Monday, 26 December 2016

Palace of Versailles, France







   
The movie MERVEILLEUSE ANGÉLIQUE (a coproduction between France, Italy and Germany, English title: Angélique, the Road to Versailles) from 1965 is the second of five films about Angélique de Sancé de Monteloup (Michèle Mercier), the red-haired heroine who tries to makes a living for herself in mid-seventeenth century France. As the English title implies, her adventures bring her to the French court in Versailles.

Latona fountain, Palace de Versailles, 6 August 2016
In the first movie Angélique is bethroted against her will to the rich count Jeoffrey de Peyrac (Robert Hoessein) but eventually falls in love with him. The marriage comes to an end when he is being accused of sorcery and executed. In this film, Angélique tries to make a new living for herself. She starts working, first in an inn, later in a chocolate shop. Her cousin Philippe de Plessis-Bellières (Claude Giraud) introduces her in Versailles to King Louis XIV (Jacques Toja), the Sun King.

The arrival of Angélique in Versailles, the final scene of the movie, was filmed on location in the gardens of the Palace of Versailles. She arrives on a coach and exits near the statue "Gladiateur Mourant Ludovisi" (Dying gladiator, 1681) by Michel Monier, based on a Roman original that was discovered on the territory of the Villa Lodivisi in Italy. The trees in the background have been replaced by a hedge. Angélique then walks towards the palace where Philippe is waiting for her.

Merveilleuse Angélique, 1:36:04
Gardens of the Palace of Versailles, 5 August 2016
Merveilleuse Angélique, 1:36:11
Gardens of the Palace of Versailles, 5 August 2016
Merveilleuse Angélique, 1:36:12
Gardens of the Palace of Versailles, 5 August 2016
Merveilleuse Angélique, 1:36:18
Gardens of the Palace of Versailles, 5 August 2016


Latona fountain, Palace of Versailles, 5 August 2016
The King and his entourage are walking in the gardens, heading for the palace and pass the Latona fountain, originally an oval pond commissioned by King Louis XIII. His son had it turned into a fountain and in 1667 the brothers Gaspard and Balthazar Marsy were ordered to decorate the new construction with animal figures, including 20 frogs. Because King Louis XIV liked to compare himself to Apollo, the sun god, he had a statue of Latona, put in the middle of the fountain.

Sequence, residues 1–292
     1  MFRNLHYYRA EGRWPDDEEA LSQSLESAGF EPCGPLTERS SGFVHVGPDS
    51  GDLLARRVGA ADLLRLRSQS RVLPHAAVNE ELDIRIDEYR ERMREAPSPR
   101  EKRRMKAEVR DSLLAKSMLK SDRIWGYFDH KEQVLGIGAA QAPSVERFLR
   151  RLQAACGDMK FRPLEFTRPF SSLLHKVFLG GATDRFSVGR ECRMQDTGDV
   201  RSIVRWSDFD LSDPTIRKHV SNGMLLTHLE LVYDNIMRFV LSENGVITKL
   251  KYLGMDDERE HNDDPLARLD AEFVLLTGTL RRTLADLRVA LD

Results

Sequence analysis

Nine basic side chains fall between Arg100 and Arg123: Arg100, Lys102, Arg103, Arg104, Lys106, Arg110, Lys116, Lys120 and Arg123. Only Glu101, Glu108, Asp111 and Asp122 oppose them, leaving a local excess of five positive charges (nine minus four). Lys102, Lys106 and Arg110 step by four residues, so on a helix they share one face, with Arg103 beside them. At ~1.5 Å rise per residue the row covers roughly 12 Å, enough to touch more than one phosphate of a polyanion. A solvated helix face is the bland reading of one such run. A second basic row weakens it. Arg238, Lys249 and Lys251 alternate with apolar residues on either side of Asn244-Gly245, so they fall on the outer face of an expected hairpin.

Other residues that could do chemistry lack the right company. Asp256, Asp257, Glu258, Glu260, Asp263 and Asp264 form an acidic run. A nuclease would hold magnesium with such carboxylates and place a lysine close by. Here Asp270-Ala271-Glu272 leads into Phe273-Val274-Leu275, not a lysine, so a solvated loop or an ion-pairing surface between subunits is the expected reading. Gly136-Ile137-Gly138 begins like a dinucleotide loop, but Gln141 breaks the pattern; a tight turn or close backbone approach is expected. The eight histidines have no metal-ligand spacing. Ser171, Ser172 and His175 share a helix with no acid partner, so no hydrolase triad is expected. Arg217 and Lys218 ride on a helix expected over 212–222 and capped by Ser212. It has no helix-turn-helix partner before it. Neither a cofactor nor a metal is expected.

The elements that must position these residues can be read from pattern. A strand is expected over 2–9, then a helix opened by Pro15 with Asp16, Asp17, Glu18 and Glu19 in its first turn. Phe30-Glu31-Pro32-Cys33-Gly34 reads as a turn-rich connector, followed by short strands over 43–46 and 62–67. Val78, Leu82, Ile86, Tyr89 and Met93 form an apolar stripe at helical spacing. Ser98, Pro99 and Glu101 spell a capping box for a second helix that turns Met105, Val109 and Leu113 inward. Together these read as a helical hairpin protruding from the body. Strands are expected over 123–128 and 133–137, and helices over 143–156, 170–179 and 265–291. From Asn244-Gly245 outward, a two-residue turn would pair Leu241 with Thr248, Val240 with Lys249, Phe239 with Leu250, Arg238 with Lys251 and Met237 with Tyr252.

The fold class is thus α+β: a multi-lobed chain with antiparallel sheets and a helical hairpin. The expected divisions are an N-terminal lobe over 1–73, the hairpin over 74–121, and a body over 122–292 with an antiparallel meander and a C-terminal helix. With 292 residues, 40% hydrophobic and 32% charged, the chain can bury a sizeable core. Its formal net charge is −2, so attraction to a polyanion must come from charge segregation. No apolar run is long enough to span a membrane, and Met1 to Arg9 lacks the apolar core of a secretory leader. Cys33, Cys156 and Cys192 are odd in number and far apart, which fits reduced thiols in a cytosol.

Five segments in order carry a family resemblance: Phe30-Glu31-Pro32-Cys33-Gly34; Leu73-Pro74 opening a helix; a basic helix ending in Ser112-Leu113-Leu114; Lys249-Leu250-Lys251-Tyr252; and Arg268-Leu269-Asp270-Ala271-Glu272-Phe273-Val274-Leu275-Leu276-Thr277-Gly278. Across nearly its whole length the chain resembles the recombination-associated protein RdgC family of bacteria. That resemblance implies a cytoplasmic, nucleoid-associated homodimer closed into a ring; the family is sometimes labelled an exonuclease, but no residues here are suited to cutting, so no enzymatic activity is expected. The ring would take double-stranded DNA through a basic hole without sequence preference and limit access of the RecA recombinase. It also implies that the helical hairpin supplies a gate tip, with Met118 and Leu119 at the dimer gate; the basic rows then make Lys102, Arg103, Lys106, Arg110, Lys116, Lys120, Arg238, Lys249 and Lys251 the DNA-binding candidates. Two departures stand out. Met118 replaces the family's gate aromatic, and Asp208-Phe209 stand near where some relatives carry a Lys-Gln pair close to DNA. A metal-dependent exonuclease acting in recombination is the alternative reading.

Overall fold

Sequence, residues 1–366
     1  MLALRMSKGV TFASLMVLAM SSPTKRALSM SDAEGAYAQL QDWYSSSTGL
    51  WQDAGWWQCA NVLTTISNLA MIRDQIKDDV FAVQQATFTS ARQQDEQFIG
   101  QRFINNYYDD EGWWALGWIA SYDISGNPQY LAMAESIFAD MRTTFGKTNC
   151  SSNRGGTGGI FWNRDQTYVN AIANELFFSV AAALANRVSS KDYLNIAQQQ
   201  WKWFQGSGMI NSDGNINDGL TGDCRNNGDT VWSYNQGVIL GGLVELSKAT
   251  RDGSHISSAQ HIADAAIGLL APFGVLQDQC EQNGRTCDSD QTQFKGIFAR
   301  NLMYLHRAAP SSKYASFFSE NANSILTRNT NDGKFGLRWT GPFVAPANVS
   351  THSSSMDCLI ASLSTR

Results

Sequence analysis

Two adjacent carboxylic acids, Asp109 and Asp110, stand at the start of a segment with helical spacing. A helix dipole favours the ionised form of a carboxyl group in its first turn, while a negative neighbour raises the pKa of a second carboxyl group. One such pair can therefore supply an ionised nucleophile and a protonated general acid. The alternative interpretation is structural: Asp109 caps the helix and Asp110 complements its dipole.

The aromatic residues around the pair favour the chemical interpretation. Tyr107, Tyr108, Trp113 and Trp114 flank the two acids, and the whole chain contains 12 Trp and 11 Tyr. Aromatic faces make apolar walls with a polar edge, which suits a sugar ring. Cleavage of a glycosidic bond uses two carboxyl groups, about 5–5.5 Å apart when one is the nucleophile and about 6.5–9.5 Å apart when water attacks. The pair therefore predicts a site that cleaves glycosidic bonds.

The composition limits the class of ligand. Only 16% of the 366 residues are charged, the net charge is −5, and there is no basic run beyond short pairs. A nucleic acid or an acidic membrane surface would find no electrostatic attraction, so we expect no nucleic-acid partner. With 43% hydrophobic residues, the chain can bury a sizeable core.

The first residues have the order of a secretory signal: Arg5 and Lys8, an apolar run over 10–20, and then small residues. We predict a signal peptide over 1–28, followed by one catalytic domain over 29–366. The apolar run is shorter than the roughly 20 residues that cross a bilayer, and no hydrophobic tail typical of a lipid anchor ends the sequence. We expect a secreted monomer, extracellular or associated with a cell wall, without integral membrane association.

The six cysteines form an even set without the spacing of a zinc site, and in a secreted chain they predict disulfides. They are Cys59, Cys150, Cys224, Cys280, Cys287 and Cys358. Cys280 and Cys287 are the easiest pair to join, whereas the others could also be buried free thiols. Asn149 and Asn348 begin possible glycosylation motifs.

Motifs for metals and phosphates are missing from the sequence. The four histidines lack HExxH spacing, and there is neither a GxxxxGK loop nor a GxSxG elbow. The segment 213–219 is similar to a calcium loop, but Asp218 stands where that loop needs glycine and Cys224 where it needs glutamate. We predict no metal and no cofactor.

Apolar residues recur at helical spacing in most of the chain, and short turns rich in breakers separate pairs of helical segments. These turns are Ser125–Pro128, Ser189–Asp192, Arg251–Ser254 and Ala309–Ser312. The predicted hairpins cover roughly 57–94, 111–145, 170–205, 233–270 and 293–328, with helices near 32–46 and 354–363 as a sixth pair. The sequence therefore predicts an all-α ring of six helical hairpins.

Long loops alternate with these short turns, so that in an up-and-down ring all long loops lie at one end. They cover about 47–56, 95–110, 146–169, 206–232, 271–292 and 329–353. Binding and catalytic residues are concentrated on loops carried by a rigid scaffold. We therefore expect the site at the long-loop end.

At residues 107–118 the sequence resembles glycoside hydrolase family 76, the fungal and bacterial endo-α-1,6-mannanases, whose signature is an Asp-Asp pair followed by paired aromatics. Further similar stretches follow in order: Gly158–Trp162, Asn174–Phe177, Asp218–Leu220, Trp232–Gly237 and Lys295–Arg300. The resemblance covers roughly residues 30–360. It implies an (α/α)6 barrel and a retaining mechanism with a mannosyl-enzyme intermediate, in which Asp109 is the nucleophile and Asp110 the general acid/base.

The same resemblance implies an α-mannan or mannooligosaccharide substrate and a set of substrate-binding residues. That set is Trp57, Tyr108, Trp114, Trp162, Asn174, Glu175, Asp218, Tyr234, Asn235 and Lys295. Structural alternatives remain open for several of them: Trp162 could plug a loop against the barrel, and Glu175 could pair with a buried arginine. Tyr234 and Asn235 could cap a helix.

She was the mother of Apollo, and also of Diana. In his narrative poem Metamorphoses Ovid tells the story of how Latona attempted to drink water out of a pond. When Lycean peasants did not allow her to do so, she turned them into frogs.

Latona fountain, Palace of Versailles, 5 August 2016
This moment was depicted by the brothers Marsy for the fountain, Gaspard made the statue of Latona and her children and Balthazar made the peasants, half human and half frog. Between 1687 and 1689 the fountain was again reconstructed. The statue of Latona was put on a marble pyramid with four tiers. Because Gaspard and Balthazar Marsy had died in 1681 and 1674, Claude Bertin was commissioned to add more animal figures, including turtles and lizards.


Merveilleuse Angélique, 1:35:35
Latona fountain, Palace of Versailles, 5 August 2016
Merveilleuse Angélique, 1:36:21
Latona fountain, Palace of Versailles, 5 August 2016

After being introduced to Angélique, the King takes the steps to walk to the palace. Angélique and Philippe remain in the garden, all by themselves. In the film the fountain looks grey, but in 2013 the structure was completely renovated and several figures were painted gold. During the first day of our visit the fountain was not working, as in the film, when we returned the following day we were able to see it in full glory.

Merveilleuse Angélique, 1:37:34
Gardens of Palace of Versailles, 5 August 2016
Merveilleuse Angélique, 1:36:56
Gardens of Palace of Versailles, 5 August 2016
Merveilleuse Angélique, 1:38:12
Gardens of Palace of Versailles, 5 August 2016
Merveilleuse Angélique, 1:38:27
Latona fountain, Palace of Versailles, 5 August 2016
Merveilleuse Angélique, 1:38:44
Latona fountain, Palace of Versailles, 6 August 2016

The palace and its gardens are open to the public all year long and can also be visited separately. When visiting both, it is advised to buy a two-day ‘passport’, more information on the website Château de Versailles.

Screenshots © Prodis/KSM